May 17, 2018

My Mackinac Island Bucket List

Mackinac Island has been on my wish list to visit for about a decade now, ever since I read “Best of the Midwest: Rediscovering America’s Heartland.” There’s something about an island that doesn’t allow motorized vehicles that draws me to it. It sounds like a throwback to yesteryear. This summer, I’m finally going to Mackinac Island! The visit inspired an entire Michigan road trip, actually (here’s my bucket list for ALL of Michigan). Side note: I learned it’s pronounced mack-in-naw.

Mackinac Island sits in Lake Huron, between Michigan’s Upper and Lower peninsulas. Most motorized vehicles are not allowed except for emergency vehicles. Photo courtesy Mackinac Island Tourism Bureau

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Mackinac Island is the vacation destination of 2018, by the way. According to TripAdvisor, it’s the No. 1 vacation destination in 2018, beating out Martha’s Vineyard and Jackson Hole. 

I’ve been dreaming up all the things to do on Mackinac Island, if time and money were not an issue. So go ahead and make your own Mackinac Island bucket list!

My Mackinac Island Bucket List

Why Mackinac Island? Imagine arriving by ferry, then taking a horse-drawn carriage to your hotel. Your main mode of transportation during your stay will involve a horse or two wheels, or if you’re motivated, your own two feet. To me, it’s unlike any place I’ve ever been to. Here’s everything I wish I could do during our very brief, 24-hour stay there this summer:

Take a hike – There are trails throughout Mackinaw State Historic Park, which covers 80% of the island. Arch Rock looks like a particularly beautiful sight to see, and is accessible by foot, bike or horse-drawn carriage.

Arch Rock is one of the most iconic natural wonders on Mackinac Island. Photo courtesy Mackinac Island Tourism Bureau

Have a “Grand” lifeThe Grand Hotel on Mackinac Island looks majestic – and no two guest rooms are alike. You probably recognize it if you’ve seen the movie “Somewhere in Time.” It’s also remarkably family-friendly. It’s one of the Top 10 kid-friendliest resorts in the U.S. and Canada according to Travel + Leisure Family magazine. I’ve got plans to stay night; those without accommodations can visit for a day fee.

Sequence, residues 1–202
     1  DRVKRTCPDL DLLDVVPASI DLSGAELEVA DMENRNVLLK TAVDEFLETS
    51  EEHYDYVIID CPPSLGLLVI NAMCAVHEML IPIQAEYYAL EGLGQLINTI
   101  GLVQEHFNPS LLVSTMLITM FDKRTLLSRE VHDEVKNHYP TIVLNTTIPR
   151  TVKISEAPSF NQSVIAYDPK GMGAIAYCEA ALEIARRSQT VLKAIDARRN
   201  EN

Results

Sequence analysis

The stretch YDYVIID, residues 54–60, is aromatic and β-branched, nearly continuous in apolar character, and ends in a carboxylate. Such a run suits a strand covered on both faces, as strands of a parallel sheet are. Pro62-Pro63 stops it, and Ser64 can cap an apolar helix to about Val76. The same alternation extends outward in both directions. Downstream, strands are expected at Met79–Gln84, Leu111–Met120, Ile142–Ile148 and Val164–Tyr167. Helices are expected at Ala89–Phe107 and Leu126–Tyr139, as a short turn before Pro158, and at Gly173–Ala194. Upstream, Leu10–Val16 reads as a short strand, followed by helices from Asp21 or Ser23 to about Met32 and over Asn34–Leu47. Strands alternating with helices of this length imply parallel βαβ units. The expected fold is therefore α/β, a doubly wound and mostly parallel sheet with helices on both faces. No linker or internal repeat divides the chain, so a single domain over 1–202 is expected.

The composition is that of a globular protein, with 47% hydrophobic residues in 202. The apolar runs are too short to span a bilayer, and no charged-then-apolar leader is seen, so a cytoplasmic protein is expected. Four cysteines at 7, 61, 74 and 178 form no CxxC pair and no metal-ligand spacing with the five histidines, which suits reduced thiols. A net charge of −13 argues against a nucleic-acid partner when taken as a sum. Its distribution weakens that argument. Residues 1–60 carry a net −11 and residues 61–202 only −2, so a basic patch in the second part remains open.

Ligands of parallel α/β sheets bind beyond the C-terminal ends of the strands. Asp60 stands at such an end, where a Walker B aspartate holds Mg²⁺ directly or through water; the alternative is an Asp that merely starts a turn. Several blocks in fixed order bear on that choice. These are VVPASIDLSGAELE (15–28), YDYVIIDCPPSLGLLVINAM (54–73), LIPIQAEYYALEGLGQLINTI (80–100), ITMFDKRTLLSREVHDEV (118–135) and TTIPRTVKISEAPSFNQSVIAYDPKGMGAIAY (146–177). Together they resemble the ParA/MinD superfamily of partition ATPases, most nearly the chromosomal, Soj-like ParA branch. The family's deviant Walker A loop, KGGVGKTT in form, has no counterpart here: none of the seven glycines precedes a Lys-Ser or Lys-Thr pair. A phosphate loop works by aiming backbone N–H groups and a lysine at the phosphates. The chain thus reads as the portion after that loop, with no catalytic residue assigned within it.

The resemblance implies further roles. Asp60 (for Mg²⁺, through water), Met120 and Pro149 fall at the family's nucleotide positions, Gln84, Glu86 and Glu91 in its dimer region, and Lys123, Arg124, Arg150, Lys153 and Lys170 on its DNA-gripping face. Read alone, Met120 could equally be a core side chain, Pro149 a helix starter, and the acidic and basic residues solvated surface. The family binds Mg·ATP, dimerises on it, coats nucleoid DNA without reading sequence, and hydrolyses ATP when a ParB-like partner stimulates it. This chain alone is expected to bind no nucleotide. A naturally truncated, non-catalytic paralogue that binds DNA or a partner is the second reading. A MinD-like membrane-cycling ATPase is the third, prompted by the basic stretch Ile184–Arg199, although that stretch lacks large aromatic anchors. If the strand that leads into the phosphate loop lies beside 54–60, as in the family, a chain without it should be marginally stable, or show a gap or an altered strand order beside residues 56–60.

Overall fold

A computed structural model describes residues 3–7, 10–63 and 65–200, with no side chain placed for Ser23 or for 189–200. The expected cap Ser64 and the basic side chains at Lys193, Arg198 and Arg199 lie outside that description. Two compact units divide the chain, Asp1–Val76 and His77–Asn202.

Grand Hotel has been open since 1887. The Mackinac Island hotel is a National Historic Landmark. Photo courtesy Don Johnston

Eat all the food – It wouldn’t be an Oh My! Omaha bucket list without a lengthy list of food I want to eat. For a small island, I’ve found a good list of restaurants to visit. I started with this list of 10 Foods To Try On Mackinac Island, from which I’ve decided I’ve got to try the famous smoked whitefish dip from Round Island Bar and Grill; breakfast at The Chuckwagon; High Tea at The Grand Hotel; For drinks, I hear a rumrunner hits the spot The Thrillist’s designated as the Most Iconic Bar in Michigan: The Pink Pony.

Sweet Treats – Mackinac Island is known for its fudge shops, as I’m discovering while planning for this trip. Which is the best? Who knows? It might be my job to find out. Side note: I found out the islanders call tourists “fudgies.” I will be one of them. Beyond fudge, I’ve read on a couple blogs that the dessert of choice (after fudge) on the island is the famous pecan balls at the Grand Hotel. But then, reading Deb’s Mackinac Island tips on her blog Just Short of Crazy, I learned there was one more to add to my snack list: Popcorn balls at Stonecliff Hotel. Duly noted.